Monthly Archives: April 2016

Consistent Pricing

5One figure attached to new watches that doesn’t tend to mean a lot is the retail price. Why? Because you are a sucker for paying retail price most of the time. After those of you from the watch companies stop cursing me, let me explain a bit. Retail prices are just a number set so that even authorized retailers can show to the consumer that they are giving you a discount. It is true that some watches are discounted only a bit or not at all, but the vast majority of watches, especially at these prices levels, are sold below retail prices. That is good to know, but not my final point. Due to the fact that prices are often below retail, you want to pay the “actual,” consistent street price. Let’s say, for example, a watch has a retail price of $500, but most retailers actually sell it for $400. You want to make sure you shop around to pay $400 as opposed to $450. Here is the kicker, though, when it comes to assessing value of an entry level luxury watch: If a watch is being sold by authorized dealers for $400, but the unauthorized dealers (everyone else) is charging $250, then you know there is something wrong with the value of the watch. This is what I call “inconsistent pricing.” What you want to look for is consistency among retailers so that prices don’t vary wildly from seller-to-seller.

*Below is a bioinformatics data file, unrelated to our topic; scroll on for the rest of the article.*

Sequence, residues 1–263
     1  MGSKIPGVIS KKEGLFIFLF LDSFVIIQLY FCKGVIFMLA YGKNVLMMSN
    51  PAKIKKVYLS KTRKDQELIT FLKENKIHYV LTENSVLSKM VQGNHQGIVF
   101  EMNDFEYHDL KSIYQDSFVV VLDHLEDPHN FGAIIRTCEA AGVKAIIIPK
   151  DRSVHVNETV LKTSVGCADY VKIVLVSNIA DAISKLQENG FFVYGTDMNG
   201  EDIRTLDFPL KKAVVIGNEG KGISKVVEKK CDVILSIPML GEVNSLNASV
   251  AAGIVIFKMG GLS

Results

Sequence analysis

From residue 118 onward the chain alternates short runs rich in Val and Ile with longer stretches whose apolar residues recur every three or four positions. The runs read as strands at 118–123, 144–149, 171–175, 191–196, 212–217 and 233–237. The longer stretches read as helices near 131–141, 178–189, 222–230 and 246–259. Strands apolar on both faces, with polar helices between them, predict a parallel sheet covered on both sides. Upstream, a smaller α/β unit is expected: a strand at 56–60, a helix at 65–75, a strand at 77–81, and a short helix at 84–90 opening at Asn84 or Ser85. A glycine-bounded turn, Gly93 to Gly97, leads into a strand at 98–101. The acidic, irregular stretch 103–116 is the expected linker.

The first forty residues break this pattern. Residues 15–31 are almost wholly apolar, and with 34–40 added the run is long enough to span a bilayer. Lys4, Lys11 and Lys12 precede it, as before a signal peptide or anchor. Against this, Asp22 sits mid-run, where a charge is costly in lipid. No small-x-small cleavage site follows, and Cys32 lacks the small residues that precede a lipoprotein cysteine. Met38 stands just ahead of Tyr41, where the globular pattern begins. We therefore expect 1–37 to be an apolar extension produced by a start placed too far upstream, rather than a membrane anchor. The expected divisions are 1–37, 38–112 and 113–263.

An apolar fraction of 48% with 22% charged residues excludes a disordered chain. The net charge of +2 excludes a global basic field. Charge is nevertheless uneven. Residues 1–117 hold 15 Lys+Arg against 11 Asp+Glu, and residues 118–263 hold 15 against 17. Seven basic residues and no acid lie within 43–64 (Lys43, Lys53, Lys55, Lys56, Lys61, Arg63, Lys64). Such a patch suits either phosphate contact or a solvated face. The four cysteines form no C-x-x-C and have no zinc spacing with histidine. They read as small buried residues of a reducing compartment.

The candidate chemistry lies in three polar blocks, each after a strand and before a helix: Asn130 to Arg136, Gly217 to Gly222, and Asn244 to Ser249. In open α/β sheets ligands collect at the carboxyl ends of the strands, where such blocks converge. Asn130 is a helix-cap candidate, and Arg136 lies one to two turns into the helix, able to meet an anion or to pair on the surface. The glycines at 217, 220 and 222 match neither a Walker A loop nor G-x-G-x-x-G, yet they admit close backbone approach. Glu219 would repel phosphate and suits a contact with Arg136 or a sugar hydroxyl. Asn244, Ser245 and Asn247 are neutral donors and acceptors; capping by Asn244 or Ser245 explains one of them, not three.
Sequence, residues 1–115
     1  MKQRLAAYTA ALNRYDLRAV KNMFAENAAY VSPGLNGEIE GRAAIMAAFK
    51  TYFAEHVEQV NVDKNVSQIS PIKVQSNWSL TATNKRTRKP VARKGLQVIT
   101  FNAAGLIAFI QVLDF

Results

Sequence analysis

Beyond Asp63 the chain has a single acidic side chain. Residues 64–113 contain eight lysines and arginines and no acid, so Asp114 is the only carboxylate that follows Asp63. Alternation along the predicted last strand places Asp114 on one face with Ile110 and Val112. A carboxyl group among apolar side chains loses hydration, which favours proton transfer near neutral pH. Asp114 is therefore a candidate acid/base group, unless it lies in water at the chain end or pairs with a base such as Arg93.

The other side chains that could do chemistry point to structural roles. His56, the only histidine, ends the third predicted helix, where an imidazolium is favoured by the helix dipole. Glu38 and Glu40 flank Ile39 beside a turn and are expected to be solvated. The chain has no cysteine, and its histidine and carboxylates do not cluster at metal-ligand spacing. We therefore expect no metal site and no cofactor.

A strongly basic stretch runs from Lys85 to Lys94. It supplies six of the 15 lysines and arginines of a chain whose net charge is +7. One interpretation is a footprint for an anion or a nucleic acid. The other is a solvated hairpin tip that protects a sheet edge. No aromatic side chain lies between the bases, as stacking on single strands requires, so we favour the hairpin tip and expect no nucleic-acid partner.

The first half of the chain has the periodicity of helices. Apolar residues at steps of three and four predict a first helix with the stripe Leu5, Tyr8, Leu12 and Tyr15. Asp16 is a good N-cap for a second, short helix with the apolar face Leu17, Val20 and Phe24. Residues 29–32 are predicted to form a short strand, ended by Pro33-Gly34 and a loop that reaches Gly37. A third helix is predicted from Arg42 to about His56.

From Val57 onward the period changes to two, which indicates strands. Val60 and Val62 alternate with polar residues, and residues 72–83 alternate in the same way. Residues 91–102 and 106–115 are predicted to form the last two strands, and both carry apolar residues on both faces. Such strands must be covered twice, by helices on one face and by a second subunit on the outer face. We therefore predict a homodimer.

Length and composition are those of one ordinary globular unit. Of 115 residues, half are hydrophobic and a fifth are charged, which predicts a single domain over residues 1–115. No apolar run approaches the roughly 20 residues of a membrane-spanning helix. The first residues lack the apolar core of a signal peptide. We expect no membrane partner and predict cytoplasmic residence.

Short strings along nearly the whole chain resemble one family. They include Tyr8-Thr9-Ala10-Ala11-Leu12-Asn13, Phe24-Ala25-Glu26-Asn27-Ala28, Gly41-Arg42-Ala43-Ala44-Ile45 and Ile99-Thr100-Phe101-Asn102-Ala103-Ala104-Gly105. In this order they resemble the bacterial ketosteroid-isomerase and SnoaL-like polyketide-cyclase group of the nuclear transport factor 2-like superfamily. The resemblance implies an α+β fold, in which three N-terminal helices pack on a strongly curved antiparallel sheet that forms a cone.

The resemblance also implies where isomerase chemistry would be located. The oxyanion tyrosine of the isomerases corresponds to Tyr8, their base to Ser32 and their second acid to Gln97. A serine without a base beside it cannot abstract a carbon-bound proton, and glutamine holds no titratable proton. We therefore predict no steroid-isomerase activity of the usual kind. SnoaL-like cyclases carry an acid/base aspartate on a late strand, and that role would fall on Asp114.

To be fair, the guy had really good hair.

8You could technically call this the most expensive haircut in history.
Over the weekend, a tiny lock of the late singer David Bowie’s infamous orange hair sold at auction for an eye-blistering $18,750. The lock was snipped in 1983 by a then-employee of Madame Tussaud’s Wax Museum in London. The employee, a woman named Wendy Farrier, needed some of the Thin White Duke’s hair to use as a reference when making the wig for his wax figure.
The framed lock, a part of Heritage Auction’s recent celebrity memorabilia sale, was initially expected to sell for around $4,000. But even though the end result more than quadruples that amount, it’s not the most expensive item that went under the hammer. Pitchfork reports that Prince’s Yellow Cloud guitar, which the late musician used to record and perform until his symbol guitar was created, went for $137,500.